Important Teen Tips
I recently read an article that discussed a disturbing social phenomenon that “pretty” is no more, now it’s all about being “hot” – and sadly that observation is true.
From the time I was very young I have been adept at people watching – you learn a lot about others by simply observing. Find an opportunity to observe the kids that your teens (and pre-teens) hang out with. The next sporting event you attend don’t watch the players on the court or field, watch the players in the stands. Yes, I am serious… watching teens when they think no one is looking is the best way to see what you have never noticed right before your eyes.
Watch and make mental notes… and then have some discussion with your teen at a time when you can have a good conversation around proper and improper behavior and attitudes.
It is truly frightening how much adults “look the other way” at inappropriate behavior in teens, rather than deal with it head on. The societal behaviors of flirting, flaunting, and pursuing that used to be subtle are becoming overt and emboldened by a generation of teens who are being marketed into a frenzy. They are told the goal is to be “hot and wanted” and too many parents are sitting passively on the bleachers allowing their teens to be influenced by the wrong coaches.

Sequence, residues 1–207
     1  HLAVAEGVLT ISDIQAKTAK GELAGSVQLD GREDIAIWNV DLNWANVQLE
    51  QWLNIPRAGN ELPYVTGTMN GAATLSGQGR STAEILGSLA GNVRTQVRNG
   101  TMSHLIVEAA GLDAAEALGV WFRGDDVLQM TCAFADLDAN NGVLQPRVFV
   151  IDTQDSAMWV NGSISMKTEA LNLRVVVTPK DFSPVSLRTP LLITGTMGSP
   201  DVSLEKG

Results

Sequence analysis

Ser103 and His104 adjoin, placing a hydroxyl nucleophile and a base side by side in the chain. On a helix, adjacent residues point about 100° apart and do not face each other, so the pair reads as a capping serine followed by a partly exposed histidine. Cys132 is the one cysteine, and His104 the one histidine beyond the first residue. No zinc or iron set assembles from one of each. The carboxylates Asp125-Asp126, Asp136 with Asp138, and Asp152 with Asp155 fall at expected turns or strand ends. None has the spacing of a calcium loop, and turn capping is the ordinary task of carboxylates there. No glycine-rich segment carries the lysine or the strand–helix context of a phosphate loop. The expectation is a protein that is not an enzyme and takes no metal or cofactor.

Here’s three quick things you need to be looking for and influencing:
1 – Clothing Choices – Don’t make the mistake of thinking a girl wearing a low cut shirt just doesn’t realize she is revealing too much. She knows exactly what she is doing. She is mimicking what she sees all around her and trying to look hot. Your daughters need to know this is wrong and your sons need to be taught to stay away from girls dressed immodestly.
2 – Physical Touch – Do you see a lot of leaning into, touching, hugging, etc. going on? A lot of touching leads to a desensitization of our youth to the high value of personal space and not touching. A teen boy once explained to me that holding hands with a girl was “nothing” to him because he had done it so much. Kissing was “nothing” to him because he had done that so much. Discuss with your teens the need to have a “personal space bubble” as my daughter has always referred to it.
3 – Electronic Overload – Have you noticed your teen seems to have grown another appendage? More and more teens are attached to a device that keeps them communicating with their peers 24/7. Subsequently you have no way of knowing how “hot” their conversations are becoming. Whether intentional or not, left on their own, conversations and photos can go too far too easily. You need to shut that down. It is your responsibility and right as a parent to influence their communication habits. Set up boundaries and rules around time spent on Facebook, their phones, and computers. Go through their providers and shut down the ability to send and receive photos, place blocks on devices, require all online time to occur in common areas of the home and stop by and visit the screen often when they are online. Also teach your teen the importance of eyeball to eyeball relationship and make them, yes make them, invite friends over for real interaction. (Hint – make really good food and they will buy into this concept!)
The bottom line, be a part of the life of your teen, interact, discuss, have fun, be intentional, build your relationship and theirs in the right way – don’t just turn them loose because today’s world is far too hot to handle.